David William Jordan

Attorney & Counselor at Law

Questions About Debt Collectors

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If you fall behind in repaying your creditors, or an error is made on your accounts, you may be contacted by a "debt collector."

The Federal and New Hampshire Fair Debt Collection Practices Act requires that debt collectors treat you fairly and prohibit certain methods of debt collection. Of course, the law does not erase any legitimate debt you owe.

Question: What debts are covered?

Answer: Personal, family and household debts are covered. This includes money owed for the purchase of an automobile, for medical care, or for charge accounts.

Question: Who is a debt collector?

Answer: A debt collector is any person who regularly collects debts owed to others.

Question: How may a debt collector contact you?

Answer: A debt collector may contact you in person, by mail, telephone, telegram or fax. You may not be contacted at inconvenient times or places, such as before 8:00 a.m., or after 9:00 p.m., unless you agree. You cannot be contacted at work if the collector knows that your employer disapproves of such contacts.

Question: Can you stop a debt collector from contacting you?

Answer: Yes, by writing a letter to the debt collector telling them to stop. Once the debt collector receives your letter, they may not contact you again, except to say there will be no further contact or to notify you that the debt collector or the creditor intends to take some specific action. Please note that sending such a letter does not make the debt go away if you actually owe the debt. You could still be sued by the debt collector or your original creditor.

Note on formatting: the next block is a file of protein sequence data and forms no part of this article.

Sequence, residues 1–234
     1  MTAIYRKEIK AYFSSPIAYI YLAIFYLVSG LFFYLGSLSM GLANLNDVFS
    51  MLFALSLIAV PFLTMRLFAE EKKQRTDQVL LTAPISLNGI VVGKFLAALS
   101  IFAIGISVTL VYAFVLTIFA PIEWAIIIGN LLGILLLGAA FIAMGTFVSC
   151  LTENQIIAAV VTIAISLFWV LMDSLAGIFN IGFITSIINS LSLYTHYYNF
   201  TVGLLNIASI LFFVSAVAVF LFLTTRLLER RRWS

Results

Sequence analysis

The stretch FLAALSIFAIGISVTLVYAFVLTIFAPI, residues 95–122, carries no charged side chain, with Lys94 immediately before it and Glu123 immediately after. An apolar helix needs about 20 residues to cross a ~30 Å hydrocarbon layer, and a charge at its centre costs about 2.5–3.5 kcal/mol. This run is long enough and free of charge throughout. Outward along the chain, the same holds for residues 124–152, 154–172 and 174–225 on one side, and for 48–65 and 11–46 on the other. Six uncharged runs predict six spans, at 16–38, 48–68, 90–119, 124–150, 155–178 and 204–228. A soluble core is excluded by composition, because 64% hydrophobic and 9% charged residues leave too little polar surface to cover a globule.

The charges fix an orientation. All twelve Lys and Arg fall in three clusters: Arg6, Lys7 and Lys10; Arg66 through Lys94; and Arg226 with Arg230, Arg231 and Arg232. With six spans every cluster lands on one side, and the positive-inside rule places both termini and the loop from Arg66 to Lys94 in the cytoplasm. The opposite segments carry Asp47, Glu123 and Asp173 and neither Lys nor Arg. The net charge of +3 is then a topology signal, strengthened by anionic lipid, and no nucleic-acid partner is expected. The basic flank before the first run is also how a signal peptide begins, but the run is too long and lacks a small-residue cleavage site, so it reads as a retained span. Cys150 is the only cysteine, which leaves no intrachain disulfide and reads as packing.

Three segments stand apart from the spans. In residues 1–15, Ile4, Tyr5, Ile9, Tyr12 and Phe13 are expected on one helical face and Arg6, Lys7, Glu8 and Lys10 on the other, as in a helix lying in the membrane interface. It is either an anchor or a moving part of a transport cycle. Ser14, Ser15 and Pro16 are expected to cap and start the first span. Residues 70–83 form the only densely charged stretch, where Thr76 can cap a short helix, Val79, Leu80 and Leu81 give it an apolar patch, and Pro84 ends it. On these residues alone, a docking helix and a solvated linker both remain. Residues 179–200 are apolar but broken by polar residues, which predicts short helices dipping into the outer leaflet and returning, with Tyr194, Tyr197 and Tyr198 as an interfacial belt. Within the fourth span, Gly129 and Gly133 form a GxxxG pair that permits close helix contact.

Question: May a debt collector contact anyone else about your debt?

Answer: If you have an attorney, the debt collector must contact the attorney, rather than you. If you do not have an attorney, a debt collector may contact other people, but only to find out where you live, what your telephone number is and where you work. Debt collectors usually are prohibited from contacting such third parties more than once. In most cases, the debt collector may not tell anyone other than you and your attorney that you owe money.

What must the debt collector tell you about the debt?

Answer: Within five (5) days after you are first contacted, the debt collector must send you a written notice telling you the amount of money you owe, the name of the creditor to whom you owe the money, and what action to take if you believe you do not owe the money.

Question: May a debt collector continue to contact you if you believe you do not owe the money?

Answer: A debt collector may not contact you if, within thirty (30) days after you receive the written notice, you send the collection agency a letter stating you do not owe money. However, a debt collector can renew collection activities if you are sent proof of the debt, such as a copy of a bill for the amount owed.

Question: What control do you have over payment of debts?

Answer: If you owe more than one debt, any payment you make must be applied to the debt you indicate. A debt collector may not apply a payment to any debt you believe you do not owe.

Question: What can you do if you believe a debt collector violated the law?

Answer: You have the right to sue a debt collector in a New Hampshire or Federal Court within one (1) year from the date the law was violated. If you win, you may recover money for the damages you suffered plus an additional amount up to $1,000. Court costs and attorney's fees also can be recovered. A group of people also may sue a debt collector and recover money for damages up to $500,000 or one percent (1%) of the debt collector's net worth, whichever is less.

Question: Where can you report a debt collector for an alleged violation?

Answer: Report any problems you have with a debt collector to the New Hampshire Attorney General's office and the Federal Trade Commission.

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